You have a dream. But something is holding you back from achieving it.

It’s not the right time.

Your friends don’t think you can do it.

You don’t think you can do it.

Fear. Fear. Fear.

Fear is what’s lying behind every excuse, even the most logical ones. You’re afraid you’re not ready yet. That your friends won’t like you anymore. That you will make a fool of yourself and fail miserably. You’re scared of the unknown. Of what might happen if you take the leap.

But what happens if you don’t take the leap? Can you take sitting back, day in and day out, watching other people go after their dreams while your life goes on the same as before, wondering what if all the time?

Truth bomb: the lucky few who achieve their dreams are just as scared as you. They just do it anyway.

You can do it, too. Here are four questions to ask yourself when fear gets the better of you:


2. Will You Say, “I Wish I Did?”

My sister was begging me to wait. Dad had just left home. Mum had no way to support herself on her own. Money was tight.

It was the worst moment for me to leave for London. But I still got onto that plane. I did it because for the past 13 years, there hadn’t been a day when I wish I hadn’t done it sooner. And if there’s a thing I learned in those 13 years is that there is never a right time to go after your dreams.

If anything, the timing gets worse as you age. As you get older, you get saddled with more and more responsibilities. Student’s debt. Mortgage. Marriage. Children. Ailing parents. For many, they sound the death knell of dreams.

I get it. I was ridden with guilt as I walked onto that plane. But it was time for me to do it. Because when you realise that everything will never fall into place, the only right moment to go after your dreams is now. Hesitate for just one day and, before you know, years have gone past.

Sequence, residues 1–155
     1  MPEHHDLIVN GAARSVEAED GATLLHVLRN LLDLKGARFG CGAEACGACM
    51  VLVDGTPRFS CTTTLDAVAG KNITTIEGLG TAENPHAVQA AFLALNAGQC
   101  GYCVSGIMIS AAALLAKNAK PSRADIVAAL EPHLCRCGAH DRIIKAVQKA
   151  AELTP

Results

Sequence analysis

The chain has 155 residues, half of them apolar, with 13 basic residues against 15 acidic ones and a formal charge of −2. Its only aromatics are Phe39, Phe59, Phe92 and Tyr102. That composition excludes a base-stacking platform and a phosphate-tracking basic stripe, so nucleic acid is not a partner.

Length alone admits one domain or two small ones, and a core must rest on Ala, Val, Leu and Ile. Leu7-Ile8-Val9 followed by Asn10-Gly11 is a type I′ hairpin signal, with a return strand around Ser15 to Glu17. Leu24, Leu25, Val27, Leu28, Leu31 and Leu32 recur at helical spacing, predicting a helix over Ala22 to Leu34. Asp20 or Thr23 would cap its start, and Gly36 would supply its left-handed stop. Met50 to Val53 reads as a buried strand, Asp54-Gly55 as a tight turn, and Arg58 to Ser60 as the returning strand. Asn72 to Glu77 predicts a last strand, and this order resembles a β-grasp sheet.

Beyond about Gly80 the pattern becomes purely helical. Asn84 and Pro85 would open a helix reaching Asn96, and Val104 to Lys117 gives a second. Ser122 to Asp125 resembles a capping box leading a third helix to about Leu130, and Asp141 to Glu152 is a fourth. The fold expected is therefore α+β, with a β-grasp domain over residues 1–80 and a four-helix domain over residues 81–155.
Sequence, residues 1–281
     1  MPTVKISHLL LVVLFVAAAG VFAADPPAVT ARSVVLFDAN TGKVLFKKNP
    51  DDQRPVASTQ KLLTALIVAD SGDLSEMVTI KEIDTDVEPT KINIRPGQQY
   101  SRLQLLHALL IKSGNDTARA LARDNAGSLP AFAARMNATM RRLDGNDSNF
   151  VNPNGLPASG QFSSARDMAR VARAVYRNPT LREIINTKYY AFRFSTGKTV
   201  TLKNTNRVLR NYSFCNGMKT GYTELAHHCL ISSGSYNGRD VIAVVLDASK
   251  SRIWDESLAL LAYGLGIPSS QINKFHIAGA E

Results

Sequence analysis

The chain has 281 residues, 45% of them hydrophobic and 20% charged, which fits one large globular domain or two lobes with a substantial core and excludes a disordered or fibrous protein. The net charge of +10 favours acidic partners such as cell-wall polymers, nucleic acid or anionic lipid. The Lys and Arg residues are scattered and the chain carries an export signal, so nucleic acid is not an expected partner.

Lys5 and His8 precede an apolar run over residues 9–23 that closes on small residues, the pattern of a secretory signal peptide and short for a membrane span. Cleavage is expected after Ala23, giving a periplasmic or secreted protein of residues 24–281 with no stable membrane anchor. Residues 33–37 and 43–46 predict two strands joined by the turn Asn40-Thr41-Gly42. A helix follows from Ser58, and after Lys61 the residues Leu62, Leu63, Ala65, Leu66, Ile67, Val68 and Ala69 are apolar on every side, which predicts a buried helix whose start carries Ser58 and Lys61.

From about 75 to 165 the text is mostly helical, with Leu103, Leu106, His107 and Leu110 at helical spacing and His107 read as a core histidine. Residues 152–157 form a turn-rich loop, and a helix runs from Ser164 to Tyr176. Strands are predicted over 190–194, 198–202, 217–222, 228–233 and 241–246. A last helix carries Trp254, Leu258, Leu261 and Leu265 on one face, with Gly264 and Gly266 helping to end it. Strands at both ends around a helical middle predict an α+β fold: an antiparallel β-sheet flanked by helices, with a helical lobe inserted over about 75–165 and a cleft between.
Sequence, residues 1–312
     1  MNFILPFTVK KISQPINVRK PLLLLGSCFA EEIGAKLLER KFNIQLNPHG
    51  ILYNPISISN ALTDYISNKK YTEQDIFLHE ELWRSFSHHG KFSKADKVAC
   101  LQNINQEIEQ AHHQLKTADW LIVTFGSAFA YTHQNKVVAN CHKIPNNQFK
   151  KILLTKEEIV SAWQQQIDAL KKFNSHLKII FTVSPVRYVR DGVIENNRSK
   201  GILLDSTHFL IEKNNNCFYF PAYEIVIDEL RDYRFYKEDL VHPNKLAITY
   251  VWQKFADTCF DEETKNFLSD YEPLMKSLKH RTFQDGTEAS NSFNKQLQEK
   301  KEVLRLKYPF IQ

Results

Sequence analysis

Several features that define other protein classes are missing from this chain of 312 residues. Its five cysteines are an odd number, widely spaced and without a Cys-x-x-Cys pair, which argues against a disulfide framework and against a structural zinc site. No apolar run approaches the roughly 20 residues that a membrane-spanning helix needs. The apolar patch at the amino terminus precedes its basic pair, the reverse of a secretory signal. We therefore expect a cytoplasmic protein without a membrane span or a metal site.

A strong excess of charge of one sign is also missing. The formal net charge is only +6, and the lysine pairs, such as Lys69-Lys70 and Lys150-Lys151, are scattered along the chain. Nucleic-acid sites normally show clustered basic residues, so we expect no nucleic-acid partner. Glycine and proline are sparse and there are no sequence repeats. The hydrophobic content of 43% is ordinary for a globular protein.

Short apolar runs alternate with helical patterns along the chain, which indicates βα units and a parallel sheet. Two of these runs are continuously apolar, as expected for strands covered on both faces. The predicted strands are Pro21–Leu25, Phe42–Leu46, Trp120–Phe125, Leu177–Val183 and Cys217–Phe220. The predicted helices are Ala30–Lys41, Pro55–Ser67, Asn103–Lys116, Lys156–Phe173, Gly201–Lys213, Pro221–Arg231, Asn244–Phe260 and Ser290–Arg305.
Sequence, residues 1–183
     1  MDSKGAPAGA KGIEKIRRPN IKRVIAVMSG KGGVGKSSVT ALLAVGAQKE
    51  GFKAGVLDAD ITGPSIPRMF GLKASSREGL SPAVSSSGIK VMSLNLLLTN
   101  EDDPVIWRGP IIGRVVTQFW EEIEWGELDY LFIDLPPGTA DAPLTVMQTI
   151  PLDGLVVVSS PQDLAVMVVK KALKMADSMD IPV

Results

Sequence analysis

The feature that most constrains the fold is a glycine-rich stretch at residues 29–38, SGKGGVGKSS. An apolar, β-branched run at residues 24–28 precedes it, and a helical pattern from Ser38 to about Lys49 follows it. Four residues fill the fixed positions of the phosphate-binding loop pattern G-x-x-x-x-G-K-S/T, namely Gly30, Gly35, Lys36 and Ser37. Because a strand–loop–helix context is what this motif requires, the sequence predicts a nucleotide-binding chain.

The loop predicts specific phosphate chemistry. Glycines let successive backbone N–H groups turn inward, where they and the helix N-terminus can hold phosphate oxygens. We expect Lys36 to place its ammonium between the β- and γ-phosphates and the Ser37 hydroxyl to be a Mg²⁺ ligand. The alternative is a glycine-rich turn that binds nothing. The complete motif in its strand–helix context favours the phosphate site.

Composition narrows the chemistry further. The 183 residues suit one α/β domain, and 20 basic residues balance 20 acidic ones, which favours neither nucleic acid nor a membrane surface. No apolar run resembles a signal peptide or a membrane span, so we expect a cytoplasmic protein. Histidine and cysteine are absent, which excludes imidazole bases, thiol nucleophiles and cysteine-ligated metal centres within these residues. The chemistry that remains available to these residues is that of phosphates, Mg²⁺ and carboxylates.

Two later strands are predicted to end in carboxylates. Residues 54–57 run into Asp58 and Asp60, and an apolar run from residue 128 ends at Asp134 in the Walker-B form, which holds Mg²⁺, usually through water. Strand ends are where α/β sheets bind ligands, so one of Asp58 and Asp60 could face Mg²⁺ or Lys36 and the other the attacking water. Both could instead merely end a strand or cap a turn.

I’m not gonna lie. It will be hard. The longer you wait, the harder it gets. I’m not saying you have to leave all your responsibilities behind or stop caring about other people. But if you know your dream will never leave you, it’s time to take the first step forward in its direction.

You can make a plan on how to move forward and overcome your obstacles. You can enrol for a night class so you can still work during the day. You can look for your first three freelance clients while working at your corporate job.

Whether you’re going to or not, time’s gonna pass anyway. The only question is: in 10 years time, will you say “I wish I did?” Or “I’m so glad I did?”.

1. Will Your Dream Ever Go Away?

Sometimes, dreams do. When I was a little girl, I wanted to be a primary school teacher, a musical theatre actress and a fashion designer. None of these dreams lasted long.

But my dream to be a writer? That never left me. If anything, it’s only gotten stronger as the years went by. That’s when I knew I owed it to myself to give it a go.

You see, when you’re young, it’s easy to think you have all the time in the world to achieve your dreams. You can put them off now to get a “real” job and go back to them later. The tragedy is that most people never go back to them.

But that desire never goes away. It’s still there, begging you to give it a go, tormenting you with what ifs.

You have a choice: looking fear in the eyes and going for it or spending the rest of your life wishing every day that you had. The exhilarating satisfaction of going after your dreams or the bitter regret of never seeing them come true.

Which one will you choose?


3. What Are You Losing By Staying In This Situation?

You may think I was selfish for getting onto that plane anyway. My sister certainly thinks so.

But staying put wouldn’t just have meant losing my dreams. It’d have meant losing my sanity, too.